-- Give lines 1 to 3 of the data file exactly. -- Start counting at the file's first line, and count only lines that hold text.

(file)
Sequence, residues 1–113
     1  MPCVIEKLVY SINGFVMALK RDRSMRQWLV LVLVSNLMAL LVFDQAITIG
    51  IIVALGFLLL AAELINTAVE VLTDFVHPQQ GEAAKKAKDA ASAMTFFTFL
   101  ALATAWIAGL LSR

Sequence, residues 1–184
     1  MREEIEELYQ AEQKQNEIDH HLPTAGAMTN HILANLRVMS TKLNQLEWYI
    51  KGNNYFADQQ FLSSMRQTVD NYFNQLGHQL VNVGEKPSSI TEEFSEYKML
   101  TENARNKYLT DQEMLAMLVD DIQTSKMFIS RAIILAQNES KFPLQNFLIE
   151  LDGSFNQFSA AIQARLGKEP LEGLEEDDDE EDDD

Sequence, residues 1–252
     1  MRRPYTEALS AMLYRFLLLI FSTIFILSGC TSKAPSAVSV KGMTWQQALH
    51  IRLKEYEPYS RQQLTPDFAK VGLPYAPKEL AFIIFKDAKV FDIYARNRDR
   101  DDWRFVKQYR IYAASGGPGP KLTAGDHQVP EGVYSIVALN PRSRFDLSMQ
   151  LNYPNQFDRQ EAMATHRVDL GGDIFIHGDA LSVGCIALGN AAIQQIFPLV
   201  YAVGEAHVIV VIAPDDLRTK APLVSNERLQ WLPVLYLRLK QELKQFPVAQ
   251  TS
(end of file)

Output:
Sequence, residues 1–113
     1  MPCVIEKLVY SINGFVMALK RDRSMRQWLV LVLVSNLMAL LVFDQAITIG
    51  IIVALGFLLL AAELINTAVE VLTDFVHPQQ GEAAKKAKDA ASAMTFFTFL